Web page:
High-school moviemaker shines light on nuclear industry

More than eight years on from the meltdowns at the Fukushima Daiichi nuclear power plant, work to decommission the plant's damaged reactors is far from over.

Although thousands of people are still in temporary housing, Japan's government remains committed to nuclear power as a key source of energy and is pushing forward with efforts to restart plants elsewhere in the country.

Nuclear power remains a deeply divisive issue among the public, and was a key campaign topic in the run-up to July's Upper House election. Recently, a high-school student from Tokyo made a documentary that attempts to address this polarization.

"The Story of the Largest Kettle in Japan" features interviews with various people. Among them are Fukushima residents, officials from the nuclear power plant operator Tokyo Electric Power Company and French Embassy officials in charge of nuclear power policy.

The interviews are aimed at shedding light on what caused the nuclear disaster, its impact and the pros and cons of nuclear power generation.

Source of debate

Takenoshin Yaza directed the 48-minute film on a shoestring budget with his classmates.

Yaza and his friends interviewed people involved in the Fukushima nuclear accident and nuclear power policy.

He says what inspired him to make the film was a class debate about nuclear power when he was in junior high school. He says the discussion made him feel a strong sense of unease.

Yaza says students usually rebutted opposing views after listening to them, but things were different when they discussed nuclear power. Those who support it tried to validate their argument using data such as figures on greenhouse gas emissions. Students against nuclear power mostly stressed the impact of the Fukushima disaster.

Yaza says both sides merely stated entrenched views, which made him uncomfortable. He says the debate reflected how people in Japan feel about nuclear power.

He says he decided to make his film in the hope of serving as a bridge between the two sides. To lay the groundwork for constructive discussions, he thought it was necessary to encourage more people to think about the issues.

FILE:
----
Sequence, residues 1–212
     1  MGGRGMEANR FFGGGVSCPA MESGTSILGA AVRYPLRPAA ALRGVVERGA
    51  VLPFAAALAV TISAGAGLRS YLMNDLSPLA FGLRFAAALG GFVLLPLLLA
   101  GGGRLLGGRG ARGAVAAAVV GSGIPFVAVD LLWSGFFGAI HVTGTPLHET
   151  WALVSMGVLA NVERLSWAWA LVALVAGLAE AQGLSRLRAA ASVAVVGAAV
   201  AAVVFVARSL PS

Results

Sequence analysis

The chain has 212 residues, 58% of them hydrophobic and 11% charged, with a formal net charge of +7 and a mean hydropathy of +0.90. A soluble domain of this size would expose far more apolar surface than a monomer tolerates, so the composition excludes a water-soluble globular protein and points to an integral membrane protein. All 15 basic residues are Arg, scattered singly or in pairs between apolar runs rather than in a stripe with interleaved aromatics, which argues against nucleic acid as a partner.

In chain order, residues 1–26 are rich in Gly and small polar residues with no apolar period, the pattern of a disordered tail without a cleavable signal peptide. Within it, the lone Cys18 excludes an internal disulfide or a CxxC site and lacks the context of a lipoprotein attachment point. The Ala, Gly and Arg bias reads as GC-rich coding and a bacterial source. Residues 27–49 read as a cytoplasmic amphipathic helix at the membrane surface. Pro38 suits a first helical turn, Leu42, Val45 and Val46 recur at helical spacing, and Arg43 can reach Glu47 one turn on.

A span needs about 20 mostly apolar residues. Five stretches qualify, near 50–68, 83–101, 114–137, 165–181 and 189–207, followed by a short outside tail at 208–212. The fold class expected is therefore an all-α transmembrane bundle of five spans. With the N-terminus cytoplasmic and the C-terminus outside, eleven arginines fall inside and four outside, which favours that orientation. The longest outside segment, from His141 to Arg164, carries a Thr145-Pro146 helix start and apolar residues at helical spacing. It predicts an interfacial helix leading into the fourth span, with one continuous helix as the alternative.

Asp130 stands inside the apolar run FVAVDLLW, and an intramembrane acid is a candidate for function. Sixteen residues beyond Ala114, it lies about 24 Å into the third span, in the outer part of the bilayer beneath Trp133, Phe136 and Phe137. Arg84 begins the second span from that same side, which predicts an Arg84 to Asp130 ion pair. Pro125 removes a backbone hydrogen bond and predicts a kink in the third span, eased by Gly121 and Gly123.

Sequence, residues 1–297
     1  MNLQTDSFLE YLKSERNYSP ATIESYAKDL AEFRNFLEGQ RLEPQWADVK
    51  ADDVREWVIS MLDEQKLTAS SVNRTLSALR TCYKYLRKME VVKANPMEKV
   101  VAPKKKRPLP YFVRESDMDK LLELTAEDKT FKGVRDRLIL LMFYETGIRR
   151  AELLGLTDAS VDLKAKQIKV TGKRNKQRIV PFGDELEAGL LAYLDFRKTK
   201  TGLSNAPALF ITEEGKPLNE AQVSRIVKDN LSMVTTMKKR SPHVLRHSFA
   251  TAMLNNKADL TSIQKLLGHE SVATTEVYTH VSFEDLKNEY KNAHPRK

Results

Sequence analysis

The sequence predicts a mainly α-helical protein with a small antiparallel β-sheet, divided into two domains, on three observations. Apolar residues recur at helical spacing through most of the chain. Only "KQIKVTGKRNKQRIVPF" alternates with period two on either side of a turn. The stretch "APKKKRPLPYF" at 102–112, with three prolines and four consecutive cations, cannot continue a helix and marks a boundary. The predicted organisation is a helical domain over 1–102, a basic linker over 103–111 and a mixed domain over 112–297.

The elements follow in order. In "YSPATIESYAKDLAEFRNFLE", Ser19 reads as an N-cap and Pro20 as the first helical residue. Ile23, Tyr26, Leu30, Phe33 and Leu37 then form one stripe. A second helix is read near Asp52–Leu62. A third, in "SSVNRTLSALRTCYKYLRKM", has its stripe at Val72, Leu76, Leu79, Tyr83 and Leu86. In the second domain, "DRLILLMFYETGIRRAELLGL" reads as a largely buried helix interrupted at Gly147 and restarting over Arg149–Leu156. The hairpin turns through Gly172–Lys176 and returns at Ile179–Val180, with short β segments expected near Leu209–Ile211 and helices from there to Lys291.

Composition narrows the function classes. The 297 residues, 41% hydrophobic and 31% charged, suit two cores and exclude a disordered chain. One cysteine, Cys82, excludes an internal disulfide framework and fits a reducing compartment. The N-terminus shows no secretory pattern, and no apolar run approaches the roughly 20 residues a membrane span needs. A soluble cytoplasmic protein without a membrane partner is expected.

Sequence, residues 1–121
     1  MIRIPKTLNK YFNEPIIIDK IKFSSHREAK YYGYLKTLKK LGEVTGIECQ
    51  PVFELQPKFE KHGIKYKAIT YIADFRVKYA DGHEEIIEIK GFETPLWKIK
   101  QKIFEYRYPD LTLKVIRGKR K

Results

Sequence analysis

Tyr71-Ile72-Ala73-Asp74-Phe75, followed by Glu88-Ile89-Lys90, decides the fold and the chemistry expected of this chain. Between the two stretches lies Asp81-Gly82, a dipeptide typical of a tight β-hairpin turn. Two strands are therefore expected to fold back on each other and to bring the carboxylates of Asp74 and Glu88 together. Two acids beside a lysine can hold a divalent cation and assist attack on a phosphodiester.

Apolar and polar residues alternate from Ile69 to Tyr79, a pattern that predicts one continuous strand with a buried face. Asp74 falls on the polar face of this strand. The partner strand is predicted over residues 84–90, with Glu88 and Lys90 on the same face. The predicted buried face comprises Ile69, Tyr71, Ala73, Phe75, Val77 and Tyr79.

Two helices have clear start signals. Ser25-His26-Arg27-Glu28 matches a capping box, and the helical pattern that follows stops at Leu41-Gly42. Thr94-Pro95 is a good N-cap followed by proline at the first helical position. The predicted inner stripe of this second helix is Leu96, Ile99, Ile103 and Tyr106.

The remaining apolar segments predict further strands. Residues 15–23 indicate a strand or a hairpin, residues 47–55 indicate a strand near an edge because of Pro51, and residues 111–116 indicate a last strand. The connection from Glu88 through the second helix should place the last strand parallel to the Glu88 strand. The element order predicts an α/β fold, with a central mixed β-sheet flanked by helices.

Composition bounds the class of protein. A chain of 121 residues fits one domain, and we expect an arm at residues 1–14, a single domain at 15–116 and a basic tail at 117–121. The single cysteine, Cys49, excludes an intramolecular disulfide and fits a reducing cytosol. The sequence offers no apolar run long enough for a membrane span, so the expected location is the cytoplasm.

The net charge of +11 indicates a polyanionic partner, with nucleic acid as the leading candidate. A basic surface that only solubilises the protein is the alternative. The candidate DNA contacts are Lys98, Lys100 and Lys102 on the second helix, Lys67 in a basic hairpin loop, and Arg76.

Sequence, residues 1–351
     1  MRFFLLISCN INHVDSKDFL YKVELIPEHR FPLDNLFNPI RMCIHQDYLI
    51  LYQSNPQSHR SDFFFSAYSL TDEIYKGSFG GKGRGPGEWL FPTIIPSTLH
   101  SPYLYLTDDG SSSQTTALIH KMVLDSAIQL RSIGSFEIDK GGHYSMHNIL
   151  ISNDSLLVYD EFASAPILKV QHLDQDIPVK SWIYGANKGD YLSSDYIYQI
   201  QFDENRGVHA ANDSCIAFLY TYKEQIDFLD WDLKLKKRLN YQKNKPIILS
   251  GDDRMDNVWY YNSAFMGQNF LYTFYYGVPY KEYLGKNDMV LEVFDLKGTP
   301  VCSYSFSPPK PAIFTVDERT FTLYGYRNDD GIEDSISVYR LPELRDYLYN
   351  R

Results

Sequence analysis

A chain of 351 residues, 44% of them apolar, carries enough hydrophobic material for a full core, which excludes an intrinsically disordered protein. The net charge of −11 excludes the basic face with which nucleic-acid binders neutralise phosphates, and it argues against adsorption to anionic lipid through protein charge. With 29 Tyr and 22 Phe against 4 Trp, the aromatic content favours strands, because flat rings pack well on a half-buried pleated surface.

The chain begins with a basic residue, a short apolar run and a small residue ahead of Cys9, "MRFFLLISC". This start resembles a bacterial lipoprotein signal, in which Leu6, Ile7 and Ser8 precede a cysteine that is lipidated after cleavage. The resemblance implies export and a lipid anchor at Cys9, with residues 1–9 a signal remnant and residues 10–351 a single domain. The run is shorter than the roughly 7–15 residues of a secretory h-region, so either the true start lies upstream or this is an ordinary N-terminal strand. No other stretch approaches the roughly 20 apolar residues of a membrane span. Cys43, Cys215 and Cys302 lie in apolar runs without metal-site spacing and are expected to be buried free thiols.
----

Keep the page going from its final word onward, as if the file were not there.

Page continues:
Festival success

His documentary was shown in nine locations, including schools, to more than 1,000 people. It was also shown at the Fukushima Film and Media Festival in Tokyo in September, becoming the first work by a high-school student to feature in the event.

Visitors who saw Yaza's film were asked to fill out a questionnaire. Both supporters and opponents of nuclear power generation said they better understood each other's position. Yaza says he feels he was able to fulfill his role, to a certain extent, of serving as a bridge to pave the way toward constructive debate.

Yaza and the audience discuss the issues.

Yaza is now committed to making a new film. He says he wants more people to look at the issue from a wider perspective.

The main character in the new film Yaza envisions is a high-school student who decides to build a nuclear power plant to help resolve Japan's energy problem. The student learns about nuclear power generation from scratch. Through trial and error, he succeeds in building the plant. But just as he's about to push a button to start the reactor, he remembers the nuclear disaster at Fukushima Daiichi. Should he press the button or not? He begins a journey to find an answer.

Issue for everyone

"It's up to each and every citizen to decide whether Japan should use nuclear power," says Yaza. "Everyone virtually has a button to start the reactor. I want to tell people that the issue should not be left only to politicians and experts to discuss, but it's something that every citizen must consider."

Yaza plans to visit the Onkalo spent nuclear fuel repository in Finland to shoot his new film. It's the final disposal site for used fuel. He's currently financing the production through crowd funding.